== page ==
High-end fashion and services for the elite share this piazza with laborers of the field. The tour guide, city official, teacher, peddler and musician all belly up to the same bar for a café’ lungo. Attuned visitors assimilate the rhythm. They stroll, bask, sit, ponder, smile and sip away the hours, negligent of our friendly-faulty tower clock guardian. It is like any other Piazza in this respect.

Capri is everything a Piazza is or should be. Spectacular location surrounded by indescribable beauty. Clean, cultivated and caressed by proprietor/patrons. Hospitality without hordes. It is arguably the best island outdoor living room in the Mediterranean.

What time is it now? My memory of the Clock tells me to “Forget About It”. Time to save this “doc”. Close the laptop. Dream of my next visit to Capri.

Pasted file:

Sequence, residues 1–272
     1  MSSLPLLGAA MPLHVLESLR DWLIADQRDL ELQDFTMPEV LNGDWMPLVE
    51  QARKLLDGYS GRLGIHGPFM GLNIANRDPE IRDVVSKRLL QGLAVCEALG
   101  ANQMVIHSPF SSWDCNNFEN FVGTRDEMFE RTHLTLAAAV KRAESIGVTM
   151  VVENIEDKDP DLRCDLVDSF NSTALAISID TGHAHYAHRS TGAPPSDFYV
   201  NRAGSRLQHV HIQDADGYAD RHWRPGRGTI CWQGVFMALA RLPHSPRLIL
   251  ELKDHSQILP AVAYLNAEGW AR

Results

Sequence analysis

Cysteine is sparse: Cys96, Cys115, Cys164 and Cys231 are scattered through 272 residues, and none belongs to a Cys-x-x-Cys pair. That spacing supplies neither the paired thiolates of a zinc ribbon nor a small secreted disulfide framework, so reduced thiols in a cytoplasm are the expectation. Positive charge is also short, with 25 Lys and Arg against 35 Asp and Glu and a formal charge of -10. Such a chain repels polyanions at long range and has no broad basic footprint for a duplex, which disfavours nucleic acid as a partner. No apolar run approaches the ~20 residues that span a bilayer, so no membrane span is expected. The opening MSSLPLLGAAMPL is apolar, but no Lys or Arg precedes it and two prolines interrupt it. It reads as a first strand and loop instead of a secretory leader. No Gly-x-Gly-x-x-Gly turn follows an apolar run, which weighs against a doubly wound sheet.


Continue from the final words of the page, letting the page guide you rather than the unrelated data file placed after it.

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Tom was born Thomas James Shaker on August 13, 1952, to Mary Katherine Christopher Shaker (daughter of Italian immigrants) and Mitchell Francis Shaker (son of Lebanese immigrants) in the town of Niles, Ohio. He is the fifth of eight children. He scored the lead role in his kindergarten play Frosty the Snowman and never looked back. Throughout his 12-year parochial education, Tom mixed high academic marks with countless arts, sports, and student government activities. This culminated with his becoming a participant, then counselor and finally consultant to the National Association of Student Councils (NASC) and its affiliates in Ohio (OASC) and Pennsylvania (PASC). Tom also was selected and participated in the Buckeye Boys State leadership conference sponsored by the State of Ohio. He continued these activities as he prepared for undergraduate school. Entering Kent State University in September 1970, Tom immediately became involved with activities surrounding the tragic campus shootings the previous May 4. He was a founding member of the Candlelight Vigil Committee and continued to work with the Centre for Peaceful Change. From 1970-74, Tom produced many theatrical works off campus while performing in university theatre department plays. He was inducted into three honoraria and given the Senior Service Award. Tom graduated with countless student activity, government and Arts credits highlighted by his work as the publisher for the Chestnut Burr Yearbook and Kent Stater Campus Newspaper. Tom earned his AEA Actors' Equity Association Card (the union for professional stage actors) in the summer of 1974 as the third cowboy from the left in Oklahoma and fourth Buddhist from the right in The King and I. He was accepted to Akron University Law School, attending in the fall of 1974. But, the draw to the arts was too strong and he left law school to continue his main pursuit, the stage. Tom spent 1975 as a teaching consultant for the Portage County Schools, filming and coaching teachers on classroom presentation and speaking techniques. He began his Masters Degree program at the University of Michigan in Ann Arbor, autumn, 1976. Again Tom graduated with high marks and a series of honors in spring, 1978, most notably serving as President of the Michigan Union. He also worked on a graduate school scholarship as a counselor in the University Admissions Office. Tom simultaneously spent those years in Ann Arbor battling Hodgkin's Disease, a form of lymphatic cancer that warranted his regular sessions of MOPP Chemotherapy throughout his academic tenure at the U of M. With diploma in hand and a clean bill of health, Tom moved to Detroit and spent twelve years distinguishing himself as an actor, director, producer and Edu-Tainer. He earned union membership in Screens Actors Guild (SAG) and the American Federation of Television and Radio Announcers (AFTRA). His countless commercial, industrial and film credits included national spots for General Motors, the voice for Cadillac and a role in Beverly Hills Cop with Eddie Murphy. He also formed his production company, staging dozens of musicals including Fiddler on The Roof, West Side Story, Guys and Dolls, Oklahoma…and touring schools with creative interpretations of classic works from Shakespeare to Aesop to Dickens. His Edu-Tainment company created an improvisational concept called Storybuilding where student stories and ideas were brought to life before the entire school assembly of their peers, thus building creative writing interest, literacy skills, and self-esteem. He even developed a school outreach program for McDonalds Corporation and actually portrayed the character Ronald McDonald for the dozen years he spent in Detroit. He also served as a board member for The Ronald McDonald Houses (RMC) in both Ann Arbor and Detroit and was a consultant to Ronald McDonald Children’s Charities (RMCC) at Hamburger University in Oakbrook, Illinois. Broadway had always been beckoning. In 1991, Tom moved to NYC and spent another decade in countless film, television, theatre and Edu-Tainment projects. Productions included Law and Order, Ransom, 15 Minutes, Die Hard III and a critically acclaimed showcase of his original musical Birdsville ,(adapted from the Aristophanes farce), staged at the Kauffman Theatre on 42nd Street. In 2000, Tom travelled to Rome, Italy in search of his Italian heritage. A two-week vacation turned into a change of continents and he is now a dual citizen commuting between The Eternal City and The Big Apple. He is Dottore Shaker in Italy, Director of Performing and Visual Arts Education, consulting at Sapienza Roma I University and Link Campus University. He is also a member of the USO committee in Rome, serves as a volunteer warden for the American Embassy, and is a past president of the American International Club of Rome (AICR). He has spent countless hours on various sets and sound stages including Cinecitta, “Hollywood on the Tiber”. Mel Gibson selected Tom for the role of Eyepatch in The Passion of the Christ. Then, the Cinecitta Jerusalem of Gibson became the Roman Forum for HBO and Tom was cast for recurring appearances in the drama mini-series, Rome. He is the Court Lictor in the episode titled Spoils. In Italy, Tom is writing his books, At Home in Rome, 24 Hours in… and Italy with Tom Shaker. He is scouting for his documentary Film "Kissa Grandpa" and producing/singing an album of new jazz standards with his band, "Tom and the Cats", featuring his original tunes, Bella Roma and Italiano-Americano. He has produced and recorded the album, Giggin’ with God, in the Vatican City studios. Tom has completed principal photography for the first fifteen episodes of his International media project, Where in the World with Tom Shaker, Rome 360º, the Churches. He has completed the pilot for his wine series, In Vino Veritas, as well. In Paris, France, Tom co-wrote, shot and starred in the TV series, Forget About It (Fugedaboudit), the story of a bar/diner owner and his screwy clientele. The show was accepted and showcased at the Hollywood Film Festival in December 2012. Works in Progress include: • In Vino Veritas / 30-minute episode series about wines of the world • 24 hours in… / a look at Piazza, Square and Centers around the Globe • Post Production, Rome 360º, Season I • Pre-Production, Season II, Rome 360º, March 2013 • Episode and distribution development for Forget About It 2016 will see the completion of his latest screenplays, The Siege of Malta and Roma Rewrite. Finally, Tom keeps busy in Italy lecture-guiding friends, colleagues, and referrals around the entire boot and islands.